Reply: Immigration Has Made America Stronger

By Raymond Robertson – Professor of Economics and Government, Texas A&M

Between 1870 and 1900, when the U.S. population stood around 75 million, 12 million migrants entered the United States. Today, the U.S. population is nearly 333 million, making the current migration surge, which Mr. Bensman and I agree is relatively large when compared to the last five years, a much smaller share of the total population. The 1870 migration surge that helped to create our great nation might be a distant or forgotten memory to some, but nevertheless stands as an example of how the United States grew and flourished by assimilating migrants seeking the opportunity to work and create a better life.

Mr. Bensman suggests that the executive branch is entirely responsible for the current surge but does not acknowledge the drivers of immigration such as the fact that Ukraine is under attack by Russia, that Venezuela and Haiti are essentially failed states, or that economic growth in Mexico and Central American states is anemic. Nor the opportunities immigration presents with the current U.S. unemployment rate at a historic low of 3.4%, or that, in many states, the number of job openings is much greater than the number of job applicants. That said, we agree that the main issue is that so many migrants are entering the country without following proper channels. While there may be many “push” and “pull” factors, we also agree that the United States needs to make investments in border control to make sure that migrants enter the country through proper channels. I, however, argue these investments should be based on reason and research, rather than fear and panic.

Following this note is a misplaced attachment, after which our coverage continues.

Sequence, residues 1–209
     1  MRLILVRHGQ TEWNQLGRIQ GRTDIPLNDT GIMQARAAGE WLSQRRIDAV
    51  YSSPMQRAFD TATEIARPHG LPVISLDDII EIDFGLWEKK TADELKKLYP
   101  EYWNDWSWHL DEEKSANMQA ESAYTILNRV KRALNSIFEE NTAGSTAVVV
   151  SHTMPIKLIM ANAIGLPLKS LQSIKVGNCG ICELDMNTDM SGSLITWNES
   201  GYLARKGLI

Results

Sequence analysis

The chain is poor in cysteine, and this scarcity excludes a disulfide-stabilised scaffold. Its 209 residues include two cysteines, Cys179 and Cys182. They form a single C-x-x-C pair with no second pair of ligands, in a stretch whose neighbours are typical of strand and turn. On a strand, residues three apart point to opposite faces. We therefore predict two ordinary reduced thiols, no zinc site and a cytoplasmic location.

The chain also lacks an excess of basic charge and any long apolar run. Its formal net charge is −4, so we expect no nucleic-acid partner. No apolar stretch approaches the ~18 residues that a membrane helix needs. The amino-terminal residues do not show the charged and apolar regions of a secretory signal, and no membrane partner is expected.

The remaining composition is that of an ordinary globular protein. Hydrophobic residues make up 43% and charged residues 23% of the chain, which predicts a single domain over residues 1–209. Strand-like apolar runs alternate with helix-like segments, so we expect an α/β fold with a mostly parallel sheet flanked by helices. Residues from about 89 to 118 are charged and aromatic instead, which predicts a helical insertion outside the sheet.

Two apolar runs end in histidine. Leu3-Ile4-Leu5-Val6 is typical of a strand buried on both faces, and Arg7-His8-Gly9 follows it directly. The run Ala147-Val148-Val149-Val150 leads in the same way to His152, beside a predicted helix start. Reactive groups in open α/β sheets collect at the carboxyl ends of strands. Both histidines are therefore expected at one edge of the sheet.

Final Word: The Border Control Status Quo Is Failing Americans

By Todd Bensman – Senior National Security Fellow, Center for Immigration Studies

The United States has matured since the pre-industrial, low-population America of the 1870s where empty lands needed settlement. Strong shoulders and a willingness to do settler and factory work are less needed in America’s post-industrial modern economy. Education and knowledge specialization are the primary values now. Dr. Robertson’s comparisons of then to now falter on the fact that new millions offering mainly strong backs are an obvious mismatch for the United States of the present. Like individuals, countries mature. For instance, mature America had to stand up a welfare system to care for populations unable to fit into its modern economy. Many illegal immigrants end up on welfare because they too often do not fit. Hardly settling empty lands, these new millions join large urban cities whose public spaces, welfare rolls, schools, hospitals, jails, and non-specialization service industries that are already filled. The spreading pain of unfunded burden is visible. The list of cities declaring emergencies and demanding federal bailouts—ChicagoDenverNew York, and Washington D.C. among them—is only lengthening.

As for failing states, Dr. Robertson’s presumption that only the U.S. is responsible for absorbing their populations, as though they had nowhere to go, flounders on facts. Every Ukrainian at the U.S. border passed on generous safe-haven packages from all 27 European Union nations. Super-majorities of Venezuelans and Haitians now arriving had been living, often prosperously, in nations like Chile, Brazil, and Colombia for years before U.S. policy changes opened the opportunity for lifestyle upgrades. The only answer is we must enforce the law and promote strong border control, now. 

The post A Divided We Fall Organization Debate Between Bensman and A&M Prof on the Question: Does America Need Stricter Border Control? appeared first on Todd Bensman.